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Bid interest keeps shares buoyant

FINANCE City Site

THE MOST surprising aspect of Mowlem's profit warning last week was not so much the departure of the finance director that accompanied it but the speed with which the group's share price rebounded.

When the company unveiled the catalogue of 'historic accounting issues' (see News) responsible for what will be a pre-interest loss of £7.5 million, its share price initially crashed from 217p to 185p before swiftly recovering to 206p. By the early part of this week it was back up at 212p.

Its resilience was partly due to City hopes that the new chief executive, Simon Vivian, can sort out the mess at Mowlem but also to a consensus that quoted contractors showing signs of weakness, particularly if they have PFI operations, will eventually attract bid interest.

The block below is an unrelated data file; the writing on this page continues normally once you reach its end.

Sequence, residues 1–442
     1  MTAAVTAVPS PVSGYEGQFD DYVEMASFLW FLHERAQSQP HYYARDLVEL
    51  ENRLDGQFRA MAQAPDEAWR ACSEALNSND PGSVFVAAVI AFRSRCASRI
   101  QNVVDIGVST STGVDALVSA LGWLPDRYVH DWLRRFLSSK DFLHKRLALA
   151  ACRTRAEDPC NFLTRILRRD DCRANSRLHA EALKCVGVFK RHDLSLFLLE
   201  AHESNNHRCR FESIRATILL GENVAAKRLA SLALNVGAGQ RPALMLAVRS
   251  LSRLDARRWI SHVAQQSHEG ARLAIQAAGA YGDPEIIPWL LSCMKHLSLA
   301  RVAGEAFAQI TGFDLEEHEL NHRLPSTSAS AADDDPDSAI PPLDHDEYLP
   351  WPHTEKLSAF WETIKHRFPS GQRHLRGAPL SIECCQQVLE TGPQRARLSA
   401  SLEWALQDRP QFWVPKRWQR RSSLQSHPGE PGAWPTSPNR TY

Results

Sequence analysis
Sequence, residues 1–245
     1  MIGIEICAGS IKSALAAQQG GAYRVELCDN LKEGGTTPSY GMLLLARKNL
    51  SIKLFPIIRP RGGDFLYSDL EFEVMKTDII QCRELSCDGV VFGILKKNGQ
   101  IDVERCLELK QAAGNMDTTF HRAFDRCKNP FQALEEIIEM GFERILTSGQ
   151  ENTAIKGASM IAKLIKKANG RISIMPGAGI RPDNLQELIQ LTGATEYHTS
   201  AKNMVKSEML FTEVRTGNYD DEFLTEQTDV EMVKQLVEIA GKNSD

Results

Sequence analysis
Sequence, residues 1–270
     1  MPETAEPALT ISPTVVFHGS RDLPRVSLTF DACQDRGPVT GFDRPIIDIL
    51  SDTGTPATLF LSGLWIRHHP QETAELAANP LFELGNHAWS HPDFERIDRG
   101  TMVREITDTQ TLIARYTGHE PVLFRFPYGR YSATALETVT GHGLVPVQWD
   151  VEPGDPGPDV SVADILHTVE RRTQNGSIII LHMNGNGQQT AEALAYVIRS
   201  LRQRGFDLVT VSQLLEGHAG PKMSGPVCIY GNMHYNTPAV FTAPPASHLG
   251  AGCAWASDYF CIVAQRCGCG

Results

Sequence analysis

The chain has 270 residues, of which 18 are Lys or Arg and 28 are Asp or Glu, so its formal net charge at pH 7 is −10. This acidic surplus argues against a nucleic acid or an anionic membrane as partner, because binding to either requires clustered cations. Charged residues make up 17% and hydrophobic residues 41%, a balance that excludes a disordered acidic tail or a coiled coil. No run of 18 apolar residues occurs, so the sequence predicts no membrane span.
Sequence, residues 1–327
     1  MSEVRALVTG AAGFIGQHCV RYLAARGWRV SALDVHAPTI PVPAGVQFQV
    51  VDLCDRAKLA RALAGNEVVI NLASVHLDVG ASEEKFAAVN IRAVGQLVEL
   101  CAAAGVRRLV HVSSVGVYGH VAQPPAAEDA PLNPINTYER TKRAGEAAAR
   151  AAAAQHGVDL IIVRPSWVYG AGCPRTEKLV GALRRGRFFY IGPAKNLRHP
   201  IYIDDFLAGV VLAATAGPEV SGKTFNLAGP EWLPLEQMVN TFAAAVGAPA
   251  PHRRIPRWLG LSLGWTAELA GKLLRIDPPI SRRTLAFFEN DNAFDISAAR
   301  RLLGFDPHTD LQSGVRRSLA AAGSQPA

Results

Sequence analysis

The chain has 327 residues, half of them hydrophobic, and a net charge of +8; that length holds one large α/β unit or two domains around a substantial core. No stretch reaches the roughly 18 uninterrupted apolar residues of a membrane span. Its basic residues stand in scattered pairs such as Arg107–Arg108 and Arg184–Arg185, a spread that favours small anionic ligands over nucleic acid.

Continental contractors which face the prospect of PFI being introduced in their home markets and which could benefit from the UK groups' know-how are seen as the most likely potential bidders.

Indeed, in common with most of the FTSE 250, the construction sector is now being scoured for potential takeover candidates.

Among house builders, Westbury and Crest Nicholson continue to be viewed as potential targets and the recent tussle over control of Countryside Properties has persuaded the City that, however grim trading becomes, bid interest will provide a floor for share prices in the sector.

Over the past month house builders' shares have risen by 5.4 per cent while the FTSE All Share has risen by 2.4 per cent.

Bid talk is also affecting building materials shares.Since RMC agreed to a bid from Cemex in September, Aggregate Industries has succumbed to a bid and Hanson - the only remaining major UK aggregates group - has seen its share price rise from 390p to 521p.

Meanwhile, shares in Marshalls, which recently sold its clay products division to Hanson, have risen by 29 per cent since early September, while shares in SIG have also been in demand.